In ancient Sumer, more than 4,500 years ago, the first libraries were archives of clay tablets etched with cuneiform script. In our own time, a library may contain not only printed books and journals, but also audio and visual recordings in analog and digital form. Yet the purpose remains little changed over the millennia – to share information from one human being to another and to preserve a body of knowledge from generation to generation.
The Harvard Depository in rural Massachusetts is a library, too, but on a scale and with a purpose unlike your local public library branch. The just-released documentary Cold Storage takes us inside the HD and offers a chilling glimpse of the future of scholarship.
“The facility was originally meant as a dark archive for materials that don’t really circulate,” explains director Cristoforo Magliozzi.“There’s both a ‘general population’ area, as they term it, that is somewhere around 50 degrees, for most of the materials. They also have a film vault, which is even colder, for keeping 35-millimeter prints in the best shape possible.”
“The last chapter of that book, which unfolds six historically-grounded scenarios for the future of libraries, is a screenplay. It’s a visual essay, a kind of photographic essay with a text that accompanies it. That text is, indeed, the screenplay for Cold Storage, the film,” Schnapps tells CCC’s Chris Kenneally.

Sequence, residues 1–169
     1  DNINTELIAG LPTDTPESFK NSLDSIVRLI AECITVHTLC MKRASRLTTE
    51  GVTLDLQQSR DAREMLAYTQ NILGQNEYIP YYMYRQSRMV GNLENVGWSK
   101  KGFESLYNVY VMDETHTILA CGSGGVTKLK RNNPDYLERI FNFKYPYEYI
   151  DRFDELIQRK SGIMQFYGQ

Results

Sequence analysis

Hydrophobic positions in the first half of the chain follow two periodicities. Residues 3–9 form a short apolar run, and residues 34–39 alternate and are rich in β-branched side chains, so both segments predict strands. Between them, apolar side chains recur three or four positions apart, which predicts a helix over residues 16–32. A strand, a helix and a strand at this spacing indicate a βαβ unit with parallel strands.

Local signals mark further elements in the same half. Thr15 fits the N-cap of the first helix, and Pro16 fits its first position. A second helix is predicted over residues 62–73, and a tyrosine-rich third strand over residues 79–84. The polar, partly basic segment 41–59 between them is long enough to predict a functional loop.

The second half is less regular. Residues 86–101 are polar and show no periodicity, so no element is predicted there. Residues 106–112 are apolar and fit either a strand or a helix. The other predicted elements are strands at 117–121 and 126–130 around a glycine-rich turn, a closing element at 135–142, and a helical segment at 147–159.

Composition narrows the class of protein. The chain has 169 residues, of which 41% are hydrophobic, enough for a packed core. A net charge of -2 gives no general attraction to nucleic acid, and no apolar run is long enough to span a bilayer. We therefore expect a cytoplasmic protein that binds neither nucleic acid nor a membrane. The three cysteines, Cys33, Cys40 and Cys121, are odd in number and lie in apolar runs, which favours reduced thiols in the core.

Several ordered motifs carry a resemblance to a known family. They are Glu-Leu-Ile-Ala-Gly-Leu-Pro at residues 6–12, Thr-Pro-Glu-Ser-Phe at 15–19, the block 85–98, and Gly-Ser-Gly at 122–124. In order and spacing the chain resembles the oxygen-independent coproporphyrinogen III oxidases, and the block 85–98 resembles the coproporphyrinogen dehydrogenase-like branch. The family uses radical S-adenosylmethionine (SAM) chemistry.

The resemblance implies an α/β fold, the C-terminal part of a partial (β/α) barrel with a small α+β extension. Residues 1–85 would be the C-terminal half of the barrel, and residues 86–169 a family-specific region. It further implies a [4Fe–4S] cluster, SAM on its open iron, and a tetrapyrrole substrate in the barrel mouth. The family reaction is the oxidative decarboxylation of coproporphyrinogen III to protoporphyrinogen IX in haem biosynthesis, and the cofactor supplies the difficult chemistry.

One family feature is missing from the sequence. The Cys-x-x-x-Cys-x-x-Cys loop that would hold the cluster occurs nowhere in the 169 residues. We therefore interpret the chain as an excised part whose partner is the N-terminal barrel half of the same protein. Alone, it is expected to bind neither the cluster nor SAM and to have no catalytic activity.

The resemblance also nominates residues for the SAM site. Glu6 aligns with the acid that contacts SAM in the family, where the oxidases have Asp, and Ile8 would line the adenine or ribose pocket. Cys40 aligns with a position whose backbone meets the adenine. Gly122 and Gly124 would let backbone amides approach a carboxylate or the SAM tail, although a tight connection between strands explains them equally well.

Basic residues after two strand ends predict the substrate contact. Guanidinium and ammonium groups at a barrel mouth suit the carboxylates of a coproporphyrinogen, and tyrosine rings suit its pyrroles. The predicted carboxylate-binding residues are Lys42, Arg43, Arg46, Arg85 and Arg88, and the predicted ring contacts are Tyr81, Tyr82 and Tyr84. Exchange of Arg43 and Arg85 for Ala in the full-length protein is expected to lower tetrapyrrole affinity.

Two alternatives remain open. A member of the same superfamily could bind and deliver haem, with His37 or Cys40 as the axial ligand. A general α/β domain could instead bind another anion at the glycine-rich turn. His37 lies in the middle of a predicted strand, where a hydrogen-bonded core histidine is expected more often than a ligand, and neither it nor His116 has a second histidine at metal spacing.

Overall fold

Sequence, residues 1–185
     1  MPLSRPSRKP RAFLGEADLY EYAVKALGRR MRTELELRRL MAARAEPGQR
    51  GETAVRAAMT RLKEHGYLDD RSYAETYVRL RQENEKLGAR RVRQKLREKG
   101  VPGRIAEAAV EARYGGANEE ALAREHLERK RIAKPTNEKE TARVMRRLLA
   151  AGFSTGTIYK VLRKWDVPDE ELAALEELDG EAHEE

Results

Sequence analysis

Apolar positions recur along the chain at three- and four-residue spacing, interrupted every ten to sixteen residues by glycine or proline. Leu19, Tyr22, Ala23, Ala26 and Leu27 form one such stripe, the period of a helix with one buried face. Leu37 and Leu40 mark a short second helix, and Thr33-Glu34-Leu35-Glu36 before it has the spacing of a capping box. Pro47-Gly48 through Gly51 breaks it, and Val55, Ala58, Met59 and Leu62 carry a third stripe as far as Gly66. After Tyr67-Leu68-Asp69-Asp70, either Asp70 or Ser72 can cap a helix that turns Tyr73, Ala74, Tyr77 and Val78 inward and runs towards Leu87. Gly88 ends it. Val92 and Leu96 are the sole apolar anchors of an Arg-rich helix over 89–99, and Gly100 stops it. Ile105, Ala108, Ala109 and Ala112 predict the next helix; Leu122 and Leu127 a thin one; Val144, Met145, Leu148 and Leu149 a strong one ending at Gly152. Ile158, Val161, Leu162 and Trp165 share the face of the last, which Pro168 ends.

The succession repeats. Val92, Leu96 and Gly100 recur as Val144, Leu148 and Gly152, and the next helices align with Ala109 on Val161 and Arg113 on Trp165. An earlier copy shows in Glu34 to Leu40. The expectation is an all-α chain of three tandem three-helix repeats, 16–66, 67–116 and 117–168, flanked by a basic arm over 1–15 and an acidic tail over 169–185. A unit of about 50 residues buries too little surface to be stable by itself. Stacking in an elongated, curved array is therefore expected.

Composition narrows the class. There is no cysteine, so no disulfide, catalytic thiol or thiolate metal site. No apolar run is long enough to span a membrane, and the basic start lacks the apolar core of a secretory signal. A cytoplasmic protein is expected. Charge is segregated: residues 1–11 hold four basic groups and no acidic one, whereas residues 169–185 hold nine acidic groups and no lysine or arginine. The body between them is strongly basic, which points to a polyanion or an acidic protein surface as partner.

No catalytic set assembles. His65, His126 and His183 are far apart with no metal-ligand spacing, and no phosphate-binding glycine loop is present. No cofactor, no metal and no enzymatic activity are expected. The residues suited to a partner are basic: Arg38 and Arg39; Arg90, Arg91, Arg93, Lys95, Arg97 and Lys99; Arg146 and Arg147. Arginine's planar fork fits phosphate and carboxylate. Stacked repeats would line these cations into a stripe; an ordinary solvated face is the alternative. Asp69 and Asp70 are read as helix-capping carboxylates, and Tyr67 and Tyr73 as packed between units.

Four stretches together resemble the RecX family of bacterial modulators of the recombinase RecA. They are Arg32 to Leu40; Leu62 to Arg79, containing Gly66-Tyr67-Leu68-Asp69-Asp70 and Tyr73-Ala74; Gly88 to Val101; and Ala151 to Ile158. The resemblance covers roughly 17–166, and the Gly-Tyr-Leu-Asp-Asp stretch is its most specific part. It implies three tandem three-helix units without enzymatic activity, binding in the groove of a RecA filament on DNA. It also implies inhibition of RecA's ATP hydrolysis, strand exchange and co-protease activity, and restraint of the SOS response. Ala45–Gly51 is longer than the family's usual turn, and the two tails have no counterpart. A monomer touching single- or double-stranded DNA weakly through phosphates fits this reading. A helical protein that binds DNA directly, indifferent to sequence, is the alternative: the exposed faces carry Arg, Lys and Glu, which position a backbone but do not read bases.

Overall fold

“One of the ambitions of the documentary and the (accompanying) Web documentary project was precisely to experiment with a kind of generative model of publishing,” says Schnapp. “Various pieces – printed, not printed, performed – are captured in a number of different media [and] all intersect one another, but do things that are different, that add value to each of those building blocks that make up a kind of sustained meditation on the nature of human interaction with knowledge.”
Cristoforo Magliozzi is the Director of Cold Storage, an interactive documentary exploring the Harvard Depository, which he shot and edited while serving as a Principal and Project Coordinator for the metaLAB at Harvard.
Jeffrey T. Schnapp is Professor of Romance Languages & Literature and Comparative Literature, and on the teaching faculty in the Department of Architecture at Harvard’s Graduate School of Design. He is the faculty director of metaLAB (at) Harvard and faculty co-director of the Berkman Center for Internet and Society. With Adam Michaels, he is co-author of The Electric Information Age Book (Princeton Architectural Press, 2012).